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Monday, July 31, 2017

POSTSCRIPT: STALIN AS THE ANTI-AUTOCRAT, THE ANTI-TRUMP — Beautifully expressed in Pablo Neruda’s wondrous poem (From NEWSLETTER #103)


Beautifully expressed in Pablo Neruda’s wondrous poem
Introduction: Pablo Neruda was the most famous and beloved Latin American poet of his time. This great communist poet from Chile also served in the Chilean Senate, representing the railroad workers from whose ranks he came. His magnificent and lengthy poem, entitled “Let the Railsplitter Awake”, refers to Abraham Lincoln, arguably the only U.S. President who ever held a working class job. As a “railsplitter” Lincoln had helped build the railroads that spread across the USA. Neruda uses Abe Lincoln as a symbol of the best democratic traditions in the USA. Neruda tries to explain to the returning white and Afro-American servicemen who had fought in the U.S. military against fascism in Europe and Asia what was happening in the world in the post World War II period as the Truman Regime was shifting from the Soviet side to the fascist side upon the death of Roosevelt. Neruda was trying to convince this U.S. pool of anti-fascist fighters to continue to fight on the side of justice and democracy.

The following excerpt deals with Stalin and the high government and military officials of the Soviet Union who had just led their people and the world’s peoples in the global victory over fascism. In writing the piece above on Trump’s drive toward autocracy in the USA in 2017, I constantly thought back to Neruda’s description of Stalin, in particular, who helped rid the world of the Russian Tsarist Autocracy one hundred years ago in 1917 and then led the world in getting rid of the fascist autocracies in the 1940’s. Moreover, during the almost forty years that he led the Union of Soviet Socialist Republics (U.S.S.R.) Stalin never accumulated any personal wealth and left nothing to his own children except a marvelous legacy of public service to the world’s peoples, and especially the Soviet and international working class. As Pablo Neruda’s beautiful poem shares with us, Stalin was the anti-autocrat, the anti-Trump.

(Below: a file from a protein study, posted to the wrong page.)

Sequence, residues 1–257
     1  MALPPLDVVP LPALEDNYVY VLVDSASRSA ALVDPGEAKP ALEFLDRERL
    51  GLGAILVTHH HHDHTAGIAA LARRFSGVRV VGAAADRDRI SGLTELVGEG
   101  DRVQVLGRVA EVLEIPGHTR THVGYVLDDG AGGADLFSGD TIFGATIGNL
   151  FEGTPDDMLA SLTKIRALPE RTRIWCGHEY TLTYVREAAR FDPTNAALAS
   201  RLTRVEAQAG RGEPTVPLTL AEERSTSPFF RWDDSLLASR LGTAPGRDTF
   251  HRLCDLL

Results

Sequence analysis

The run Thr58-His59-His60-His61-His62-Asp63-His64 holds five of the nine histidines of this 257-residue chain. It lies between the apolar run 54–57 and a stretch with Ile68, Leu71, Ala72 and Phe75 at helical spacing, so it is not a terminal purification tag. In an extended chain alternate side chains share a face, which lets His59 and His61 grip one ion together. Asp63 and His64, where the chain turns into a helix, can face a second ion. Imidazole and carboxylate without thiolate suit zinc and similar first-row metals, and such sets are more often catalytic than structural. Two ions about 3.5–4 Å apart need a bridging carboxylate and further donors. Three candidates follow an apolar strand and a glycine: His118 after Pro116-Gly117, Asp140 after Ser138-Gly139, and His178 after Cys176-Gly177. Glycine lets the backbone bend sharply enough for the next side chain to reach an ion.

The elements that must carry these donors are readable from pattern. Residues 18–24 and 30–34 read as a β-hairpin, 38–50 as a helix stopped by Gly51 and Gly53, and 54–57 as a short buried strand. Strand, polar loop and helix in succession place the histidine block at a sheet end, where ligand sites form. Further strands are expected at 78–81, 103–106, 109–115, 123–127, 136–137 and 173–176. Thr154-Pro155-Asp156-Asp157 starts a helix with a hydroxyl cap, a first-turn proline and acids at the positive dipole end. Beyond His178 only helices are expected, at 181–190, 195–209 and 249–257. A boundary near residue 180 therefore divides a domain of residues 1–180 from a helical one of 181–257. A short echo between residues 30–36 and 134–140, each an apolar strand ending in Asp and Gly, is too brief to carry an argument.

Within three rooms of the ancient Kremlin
lives a man named Joseph Stalin.
The light goes out late in his room.
The world and his country give him no rest.
Other heroes have brought a country into being; beyond this, he helped to conceive his
and construct it
and defend it.
His immense land, therefore, is part of himself
and he cannot rest because she does not.
In other times snow and gunpowder
found him facing the old bandits
who wished (as again now) to revive
the knout and misery, the anguish of serfs,
the dormant pain of millions of poor.
He was against the Wrangels and Denikins
sent by the West to “defend culture.”
They were stripped of their hides there, those
defenders of the hangmen, and throughout the wide
lands of the U.S.S.R. Stalin worked day and night
But later in a leaden wave came
the Germans fattened up by Chamberlain.
Stalin confronted them at all the vast frontiers,
in all their retreats, in all their advances,
and as far as Berlin, like a hurricane of people
his sons arrived, bringing the broad peace of Russia.

Molotov and Voroshilov are there,
I see them with the others, the high generals,
the indomitable ones.
Firm as snow-covered oak-groves.
None of them has palaces.
None of them has regiments of slaves.
None of them was made wealthy by the war,
by selling blood.
None of them like a peacock
travels to Rio de Janeiro or Bogota
to command petty satraps, blood-stained torturers.
None of them has two hundred suits,
none of them owns shares in armament factories,
and all of them own shares
in the joy and construction
of that immense country where dawn resounds
arising from the night of death.

They said “comrade” to the world.
They made the carpenter king.
No camel shall pass through this needle’s eye.
They cleansed the villages.
Divided the land.
Elevated the serf.
Eliminated the beggar.
Annihilated the cruel.
Brought light into the deep night.



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